Why Water Tanks Are Used So Widely In Rural Australia

We all know that Australia is an island nation. It’s a very large one, but it’s still a single parcel of land surrounded by ocean. You could argue that the same rule applies to all land masses, but most other land masses are continental bodies, while ours is a country as well as a continent.

Being an island nation means two things. One, that we are centrally governed despite our vast land area, and two, that a lot of our water is salty. Over the years, researchers have brought up this issue. Since many areas of our country have salty water tables, there isn’t much fresh water available.

You might sink a well or dig a borehole, but you’ll still end up with what is essentially sea water. A lot of our inland lakes and ponds contain salt water as well. In fact, some of our more enterprising residents are starting to use salt water in their swimming pools.

While we do have some in-ground sources of fresh water, they are quickly getting depleted. For many regions in Australia, the main source of fresh water is rainfall. Certain areas have a monsoon season, where it rains heavily from November to March.  During this season, many residents store water for use over the rest of the year. Other areas of Australia have near-desert conditions, and conserving water is a life-saving skill.

While most of Australia has urban populations of between 80% and 90%, there’s still a good portion of Australians who live in the countryside. Many of them practice large scale farming, spending most of their lives on massive ranches. Others make their living in areas populated by saline water sources.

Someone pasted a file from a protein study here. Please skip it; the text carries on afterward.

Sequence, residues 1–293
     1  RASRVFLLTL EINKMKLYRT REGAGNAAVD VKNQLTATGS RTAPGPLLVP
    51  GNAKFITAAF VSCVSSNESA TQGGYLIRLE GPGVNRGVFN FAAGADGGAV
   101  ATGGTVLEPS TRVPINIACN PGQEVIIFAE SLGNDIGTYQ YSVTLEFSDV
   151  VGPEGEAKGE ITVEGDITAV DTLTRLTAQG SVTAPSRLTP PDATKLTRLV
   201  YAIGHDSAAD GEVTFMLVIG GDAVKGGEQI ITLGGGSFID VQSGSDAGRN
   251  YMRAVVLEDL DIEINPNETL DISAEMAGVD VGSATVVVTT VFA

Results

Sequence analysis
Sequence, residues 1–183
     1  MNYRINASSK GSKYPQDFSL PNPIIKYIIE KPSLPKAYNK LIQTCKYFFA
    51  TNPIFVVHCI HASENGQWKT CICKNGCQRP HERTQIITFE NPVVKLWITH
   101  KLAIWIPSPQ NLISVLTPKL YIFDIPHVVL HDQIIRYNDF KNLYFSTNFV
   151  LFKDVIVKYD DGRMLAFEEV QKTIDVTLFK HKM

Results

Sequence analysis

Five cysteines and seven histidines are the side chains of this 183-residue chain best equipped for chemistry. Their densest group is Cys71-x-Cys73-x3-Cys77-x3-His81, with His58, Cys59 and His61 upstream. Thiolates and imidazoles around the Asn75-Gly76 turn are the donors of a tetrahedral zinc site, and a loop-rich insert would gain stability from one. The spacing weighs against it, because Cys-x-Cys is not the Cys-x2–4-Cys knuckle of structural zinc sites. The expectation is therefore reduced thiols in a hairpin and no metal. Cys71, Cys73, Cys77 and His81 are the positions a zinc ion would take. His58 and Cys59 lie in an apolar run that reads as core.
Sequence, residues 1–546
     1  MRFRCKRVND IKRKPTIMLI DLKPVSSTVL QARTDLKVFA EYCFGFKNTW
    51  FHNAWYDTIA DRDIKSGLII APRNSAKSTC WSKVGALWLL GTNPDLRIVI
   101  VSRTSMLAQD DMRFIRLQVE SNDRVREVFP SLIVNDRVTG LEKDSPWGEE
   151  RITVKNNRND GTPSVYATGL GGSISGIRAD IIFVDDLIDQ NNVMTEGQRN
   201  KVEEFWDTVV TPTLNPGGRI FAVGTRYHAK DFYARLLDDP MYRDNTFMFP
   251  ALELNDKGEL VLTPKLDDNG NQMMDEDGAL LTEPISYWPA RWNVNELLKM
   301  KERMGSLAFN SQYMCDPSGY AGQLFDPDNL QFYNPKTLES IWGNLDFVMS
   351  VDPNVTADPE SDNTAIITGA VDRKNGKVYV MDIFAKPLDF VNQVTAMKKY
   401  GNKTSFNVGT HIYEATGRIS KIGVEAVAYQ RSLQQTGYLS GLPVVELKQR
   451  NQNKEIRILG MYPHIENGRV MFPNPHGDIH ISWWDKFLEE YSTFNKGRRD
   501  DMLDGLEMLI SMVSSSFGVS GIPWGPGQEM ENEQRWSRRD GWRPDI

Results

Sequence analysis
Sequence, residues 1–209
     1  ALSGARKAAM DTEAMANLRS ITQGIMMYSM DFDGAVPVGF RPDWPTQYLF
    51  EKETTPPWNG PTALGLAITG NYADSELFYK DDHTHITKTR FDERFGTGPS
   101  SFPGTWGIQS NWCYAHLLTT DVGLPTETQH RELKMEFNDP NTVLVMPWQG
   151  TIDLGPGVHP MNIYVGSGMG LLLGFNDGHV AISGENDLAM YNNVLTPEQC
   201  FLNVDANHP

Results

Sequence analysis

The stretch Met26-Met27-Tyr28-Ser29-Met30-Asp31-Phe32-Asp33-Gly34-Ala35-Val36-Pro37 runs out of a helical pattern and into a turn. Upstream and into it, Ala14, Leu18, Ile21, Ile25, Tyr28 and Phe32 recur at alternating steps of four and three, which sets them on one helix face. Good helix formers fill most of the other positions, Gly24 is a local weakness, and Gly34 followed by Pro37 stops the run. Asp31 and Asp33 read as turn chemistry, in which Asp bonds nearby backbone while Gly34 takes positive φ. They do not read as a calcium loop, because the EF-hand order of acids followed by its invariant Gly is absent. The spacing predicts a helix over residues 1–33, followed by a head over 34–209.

For these Aussies that live outside of cities, a different way of life is the norm. They sometimes have few of the amenities we take for granted, like electricity and running water. This doesn’t mean they live a third-world back-water stone-age existence. It simply means the infrastructure set up by central governments hasn’t wound its way to them.

Fortunately, rural areas receive a lot of sunlight, so they can set up solar panels and wind turbines for their electric requirements. Water though, that’s still a problem.

People who live in remote areas have become quite good at planning their lives and working around the weather. That’s why almost every rural home has a water tank, often more than one. Depending on the size of the family and the activities that make up their routine, a household can have tens of water tanks.

For rural areas that practice farming or mining, water isn’t just for drinking and bathing. Animals need to be watered as well. Plants need irrigation while they grow, and cleaning before they are processed or taken to the market. Household chores need doing, and that truck needs washing too.

During slaughter season, lots of water is needed to prepare animal carcases. When the animals are birthing, or when it’s high season for pests, they need to pass through treated cattle dips or to be kept hygienic so that baby animals come out strong and healthy. Without piped water, it’s essential to have safe, durable tanks that have adequate capacities for daily use.

Tanks can be constructed out of concrete, but they are more often made of plastic. Depending on personal preference, available space, and primary functions, the tanks can be installed above ground or below ground. Certain types of tanks will need a pump to deliver the water for easy access. Most in-ground tanks, for example, will need to have water pumped to the surface.

Water tanks also require accessories, such as piping systems that connect them to overflows and roofing gutters. These help in gathering rain water and run-off, as well as preventing wastage. Tanks come in a variety of styles and colours to appeal to a wide range of customers.


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